The quest for normal
The quest for normal begins when you start school, with a large group of so-called peers who technically only have age and geography in common with you. You quickly scan the crowd looking for other commonalities that reveal if you belong or not. It’s a natural human instinct to want to belong to a tribe.
“Normal” is a relative term that is often used to single out “abnormal” in the rough and tumble world of playground politics. I saw my kids go through this in elementary school. “You can be in our club, but he can’t.” “I like her, but she doesn’t like you, so therefore I don’t like you either.”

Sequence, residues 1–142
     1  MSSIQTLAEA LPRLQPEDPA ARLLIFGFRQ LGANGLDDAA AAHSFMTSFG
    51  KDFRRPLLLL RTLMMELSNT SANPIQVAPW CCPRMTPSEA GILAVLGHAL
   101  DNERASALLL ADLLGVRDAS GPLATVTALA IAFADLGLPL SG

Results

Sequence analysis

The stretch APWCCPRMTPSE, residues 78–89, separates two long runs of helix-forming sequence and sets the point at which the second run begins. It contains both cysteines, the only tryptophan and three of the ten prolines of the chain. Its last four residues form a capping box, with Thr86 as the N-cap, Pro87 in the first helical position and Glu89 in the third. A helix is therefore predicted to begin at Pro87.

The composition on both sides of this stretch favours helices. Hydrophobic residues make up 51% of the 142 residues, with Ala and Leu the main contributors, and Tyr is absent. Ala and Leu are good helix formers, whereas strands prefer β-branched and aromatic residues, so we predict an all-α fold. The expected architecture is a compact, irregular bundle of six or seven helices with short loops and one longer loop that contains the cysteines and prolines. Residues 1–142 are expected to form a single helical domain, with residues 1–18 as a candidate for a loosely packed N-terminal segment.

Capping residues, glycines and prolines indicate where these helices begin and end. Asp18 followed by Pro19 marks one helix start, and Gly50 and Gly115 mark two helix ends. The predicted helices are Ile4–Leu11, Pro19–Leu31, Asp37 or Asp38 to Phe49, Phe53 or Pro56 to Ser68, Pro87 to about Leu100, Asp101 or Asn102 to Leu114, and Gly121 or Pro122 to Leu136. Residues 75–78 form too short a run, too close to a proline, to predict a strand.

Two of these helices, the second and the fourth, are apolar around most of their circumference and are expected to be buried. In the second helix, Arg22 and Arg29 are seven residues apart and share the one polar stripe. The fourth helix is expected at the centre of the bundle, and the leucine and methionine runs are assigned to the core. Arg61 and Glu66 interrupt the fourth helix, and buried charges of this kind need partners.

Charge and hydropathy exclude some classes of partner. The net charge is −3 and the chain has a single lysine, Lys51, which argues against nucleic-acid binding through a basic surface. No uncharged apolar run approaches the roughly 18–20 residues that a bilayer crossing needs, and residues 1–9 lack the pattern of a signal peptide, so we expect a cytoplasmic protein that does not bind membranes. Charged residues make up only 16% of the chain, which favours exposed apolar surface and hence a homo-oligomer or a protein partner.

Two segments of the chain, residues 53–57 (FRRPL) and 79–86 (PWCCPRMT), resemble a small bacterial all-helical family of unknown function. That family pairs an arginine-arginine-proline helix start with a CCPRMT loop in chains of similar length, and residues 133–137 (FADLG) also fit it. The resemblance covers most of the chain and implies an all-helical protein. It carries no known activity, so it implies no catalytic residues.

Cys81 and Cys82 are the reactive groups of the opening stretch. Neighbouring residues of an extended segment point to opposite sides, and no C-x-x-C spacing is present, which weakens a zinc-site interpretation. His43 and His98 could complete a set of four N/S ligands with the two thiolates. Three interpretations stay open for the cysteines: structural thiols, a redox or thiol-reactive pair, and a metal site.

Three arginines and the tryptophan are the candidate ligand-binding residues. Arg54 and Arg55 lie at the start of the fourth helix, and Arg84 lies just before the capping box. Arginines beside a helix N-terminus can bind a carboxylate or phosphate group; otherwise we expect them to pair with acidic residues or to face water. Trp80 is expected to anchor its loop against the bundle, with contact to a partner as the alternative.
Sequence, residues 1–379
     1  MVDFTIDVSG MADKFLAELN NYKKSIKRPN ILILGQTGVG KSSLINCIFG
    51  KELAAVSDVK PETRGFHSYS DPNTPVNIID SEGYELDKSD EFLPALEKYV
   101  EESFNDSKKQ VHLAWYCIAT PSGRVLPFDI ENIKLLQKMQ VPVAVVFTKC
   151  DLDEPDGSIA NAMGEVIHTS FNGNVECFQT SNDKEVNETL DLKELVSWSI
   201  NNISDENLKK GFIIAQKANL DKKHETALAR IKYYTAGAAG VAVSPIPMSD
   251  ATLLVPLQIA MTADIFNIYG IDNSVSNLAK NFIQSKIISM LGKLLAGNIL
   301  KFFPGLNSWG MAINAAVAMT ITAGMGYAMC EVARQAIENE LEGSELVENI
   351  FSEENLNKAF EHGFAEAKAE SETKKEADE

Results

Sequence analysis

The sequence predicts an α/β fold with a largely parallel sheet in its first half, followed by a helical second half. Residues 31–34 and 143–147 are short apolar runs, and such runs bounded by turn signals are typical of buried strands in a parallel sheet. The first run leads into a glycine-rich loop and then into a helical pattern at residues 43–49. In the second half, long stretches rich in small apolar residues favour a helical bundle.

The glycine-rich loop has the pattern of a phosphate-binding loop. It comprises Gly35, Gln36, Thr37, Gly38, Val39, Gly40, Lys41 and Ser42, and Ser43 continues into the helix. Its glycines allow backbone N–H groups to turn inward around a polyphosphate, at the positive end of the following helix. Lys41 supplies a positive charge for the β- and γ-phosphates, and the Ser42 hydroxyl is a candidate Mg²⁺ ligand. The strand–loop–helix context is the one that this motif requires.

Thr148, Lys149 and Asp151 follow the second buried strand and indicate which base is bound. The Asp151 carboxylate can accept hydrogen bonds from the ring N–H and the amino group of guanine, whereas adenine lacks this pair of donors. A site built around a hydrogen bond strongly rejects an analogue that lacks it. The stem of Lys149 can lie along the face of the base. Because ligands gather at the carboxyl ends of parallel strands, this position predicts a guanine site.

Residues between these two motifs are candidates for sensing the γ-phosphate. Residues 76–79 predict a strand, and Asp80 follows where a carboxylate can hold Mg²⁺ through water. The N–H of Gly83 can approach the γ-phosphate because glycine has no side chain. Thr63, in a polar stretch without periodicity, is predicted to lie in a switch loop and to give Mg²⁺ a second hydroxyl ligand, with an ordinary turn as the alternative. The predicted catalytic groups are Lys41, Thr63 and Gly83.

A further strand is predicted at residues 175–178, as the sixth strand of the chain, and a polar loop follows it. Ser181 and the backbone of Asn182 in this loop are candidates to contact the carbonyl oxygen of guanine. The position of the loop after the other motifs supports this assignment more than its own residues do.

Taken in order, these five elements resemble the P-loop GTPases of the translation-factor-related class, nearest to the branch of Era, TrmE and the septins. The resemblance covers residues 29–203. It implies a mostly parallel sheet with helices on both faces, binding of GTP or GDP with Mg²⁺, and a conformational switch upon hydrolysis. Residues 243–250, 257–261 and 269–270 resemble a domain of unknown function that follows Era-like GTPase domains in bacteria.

The quest for normal is complete if you’re at least included by somebody.
Fast forward 40 years. I don’t give a crap if someone wants me in their club or not. I have accepted my own diversity and I will start my own damn club if you don’t like me. This is the perspective that age brings. You care less and less about what other people consider to be “normal.”
Now hang on… this may blow your mind. If everyone is truly so unique that it is impossible to be reasonably classified into categories, then “abnormal” is the norm, isn’t it? If everyone likes Alternative Rock, then it is just “Rock,” right?
I don’t care what age you are, embrace your abnormality. It makes you… you.